The concept of “traditional” marriage as it is being presented is a very new one. It’s only been in the last century that marriage has been between one man and one woman who are consenting adults in love. Prior to that, it was much more common that marriage took place between one man and multiple women, or a man and a girl in exchange for property. So this notion that marriage is a sacred, unchanging concept is simply inaccurate.

I am a divorce attorney. Believe me when I say that straight people have not perfected this marriage thing. Actually, they have made a horrific mess of it. If same-sex couples want in on this messy, complicated, hard, albeit wonderful institution we call marriage, I’m all for it. There’s no way they could diminish the sanctity of marriage than we straight people already have.

And if you can’t get on board because you love and support same-sex couples and want them to have the same basic rights we all have... then get on board because of the constitutional argument. Constitutions are supposed to enlarge rights, not constrain them.

I am a mother of two sons, Quintin (15) and Corbin (13). My sons are two well-adjusted, kind-hearted, engaged Minnesota youth who are active in their church, school, and neighborhood. My partner Linda and I have been together for almost 25 years. Two years ago we were legally married in Iowa with our sons by our sides. It was one of the most wonderful days of our lives. Our marital rights and responsibilities ended in the middle of a corn field as we crossed the Minnesota Border.
I am the previous executive director of Rainbow Families (an organization serving lesbian, gay, bisexual and transgender families and their children) and also served as executive director of Project 515. Both of these roles gave me keen insight into what happens in states where there is a ballot initiative restricting marriage rights. The other night at dinner I began to describe to my sons how the TV and radio waves will be bought up by national organizations with a history of pushing these ballot measures. I told them that they can expect to see bumper stickers on their friend’s cars; have their family’s value debated in their social studies classes; and see lawn signs with campaign messages encouraging people to vote against rights for their parents. The kids began to reflect on their friends and friends’ parents in order to determine who would vote in support or against us. It was a challenging and saddening family conversation.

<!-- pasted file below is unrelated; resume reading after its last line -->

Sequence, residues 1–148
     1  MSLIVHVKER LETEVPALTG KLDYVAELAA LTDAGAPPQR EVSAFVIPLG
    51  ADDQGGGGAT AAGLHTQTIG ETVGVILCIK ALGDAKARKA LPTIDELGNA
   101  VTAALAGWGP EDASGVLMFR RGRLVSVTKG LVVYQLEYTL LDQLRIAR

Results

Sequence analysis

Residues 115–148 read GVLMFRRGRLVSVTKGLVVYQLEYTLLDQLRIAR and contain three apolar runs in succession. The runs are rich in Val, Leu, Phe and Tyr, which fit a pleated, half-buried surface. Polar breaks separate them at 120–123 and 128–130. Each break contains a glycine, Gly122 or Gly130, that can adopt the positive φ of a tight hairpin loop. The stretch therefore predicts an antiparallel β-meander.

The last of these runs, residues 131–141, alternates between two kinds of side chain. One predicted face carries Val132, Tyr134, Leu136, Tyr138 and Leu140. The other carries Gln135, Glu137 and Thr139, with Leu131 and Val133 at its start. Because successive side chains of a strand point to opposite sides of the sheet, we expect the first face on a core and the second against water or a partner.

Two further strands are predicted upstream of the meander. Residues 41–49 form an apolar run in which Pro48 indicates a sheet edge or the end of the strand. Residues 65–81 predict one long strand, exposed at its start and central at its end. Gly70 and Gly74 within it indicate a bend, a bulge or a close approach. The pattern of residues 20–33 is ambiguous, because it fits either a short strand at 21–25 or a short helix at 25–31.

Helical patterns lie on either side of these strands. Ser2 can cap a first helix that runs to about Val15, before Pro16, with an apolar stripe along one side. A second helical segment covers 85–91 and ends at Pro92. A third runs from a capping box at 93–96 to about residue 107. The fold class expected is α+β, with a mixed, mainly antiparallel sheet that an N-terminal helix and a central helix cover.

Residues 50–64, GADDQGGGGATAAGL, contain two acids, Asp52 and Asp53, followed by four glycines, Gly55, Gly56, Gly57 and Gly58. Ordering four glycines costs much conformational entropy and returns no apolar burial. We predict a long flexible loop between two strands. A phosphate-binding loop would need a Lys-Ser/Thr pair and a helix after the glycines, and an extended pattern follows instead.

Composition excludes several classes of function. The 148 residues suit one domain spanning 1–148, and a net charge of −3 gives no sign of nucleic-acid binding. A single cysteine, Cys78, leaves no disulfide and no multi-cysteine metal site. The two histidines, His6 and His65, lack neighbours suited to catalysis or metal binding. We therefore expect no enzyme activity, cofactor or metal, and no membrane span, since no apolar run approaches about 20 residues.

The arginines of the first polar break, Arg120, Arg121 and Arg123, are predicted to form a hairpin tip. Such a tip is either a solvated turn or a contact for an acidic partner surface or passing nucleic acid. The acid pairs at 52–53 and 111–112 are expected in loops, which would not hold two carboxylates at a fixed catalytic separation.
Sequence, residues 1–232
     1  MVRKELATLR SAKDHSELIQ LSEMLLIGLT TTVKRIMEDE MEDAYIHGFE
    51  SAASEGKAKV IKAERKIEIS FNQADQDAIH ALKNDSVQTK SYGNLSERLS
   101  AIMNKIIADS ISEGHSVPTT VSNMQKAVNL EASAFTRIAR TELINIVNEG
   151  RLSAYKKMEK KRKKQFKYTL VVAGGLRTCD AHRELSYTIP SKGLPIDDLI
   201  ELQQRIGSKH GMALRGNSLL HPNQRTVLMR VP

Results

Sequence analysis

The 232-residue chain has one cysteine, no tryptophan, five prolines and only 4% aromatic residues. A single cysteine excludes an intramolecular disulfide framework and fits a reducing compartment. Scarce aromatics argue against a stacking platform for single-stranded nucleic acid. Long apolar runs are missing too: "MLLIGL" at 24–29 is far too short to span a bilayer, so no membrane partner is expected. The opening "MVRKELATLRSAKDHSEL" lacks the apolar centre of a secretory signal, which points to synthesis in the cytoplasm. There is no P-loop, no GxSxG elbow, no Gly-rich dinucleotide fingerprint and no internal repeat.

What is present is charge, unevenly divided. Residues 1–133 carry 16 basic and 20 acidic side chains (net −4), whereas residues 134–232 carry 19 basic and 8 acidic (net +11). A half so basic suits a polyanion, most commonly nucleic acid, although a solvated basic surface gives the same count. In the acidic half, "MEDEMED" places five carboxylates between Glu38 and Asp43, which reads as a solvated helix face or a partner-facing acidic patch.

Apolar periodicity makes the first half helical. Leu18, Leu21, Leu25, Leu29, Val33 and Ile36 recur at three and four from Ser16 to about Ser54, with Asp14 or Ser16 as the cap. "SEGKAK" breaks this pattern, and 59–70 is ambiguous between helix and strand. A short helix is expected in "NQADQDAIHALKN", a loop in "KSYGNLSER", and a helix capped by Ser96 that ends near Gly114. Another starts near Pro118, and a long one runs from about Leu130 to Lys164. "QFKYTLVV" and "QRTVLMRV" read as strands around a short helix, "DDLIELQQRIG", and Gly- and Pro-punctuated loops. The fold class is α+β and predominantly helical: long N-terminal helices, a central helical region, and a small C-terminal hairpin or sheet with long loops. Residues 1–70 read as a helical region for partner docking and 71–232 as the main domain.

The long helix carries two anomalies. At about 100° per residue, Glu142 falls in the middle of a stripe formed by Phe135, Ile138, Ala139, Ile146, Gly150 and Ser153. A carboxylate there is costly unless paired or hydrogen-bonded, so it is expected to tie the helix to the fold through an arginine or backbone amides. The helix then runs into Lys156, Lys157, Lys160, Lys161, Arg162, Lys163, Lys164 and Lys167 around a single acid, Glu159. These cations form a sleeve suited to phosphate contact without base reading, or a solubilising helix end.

“Let the People Vote” (the pro constitutional amendment campaign’s slogan) sounds so American—so democratic. Voting to keep the long-standing “definition” of marriage seems like a simple and harmless vote. However, the reality is that this ends up on the ballot will not open the door for a “civil” Minnesotan conversation about values— it will open the storm gates to more advertising money than Minnesotan’s have ever seen. The mean-spirited ads will come into our homes and will break my sons’ hearts. Relationships of families, friends, neighbors and colleagues across the state will be strained. If the amendment passes it will be a symbol to those across the nation that Minnesotans chose to restrict rights versus protect or grant them. Minnesotan businesses which pride themselves in diversity and equality will be at a distinct disadvantage in terms of recruitment and retention of fair-minded employees.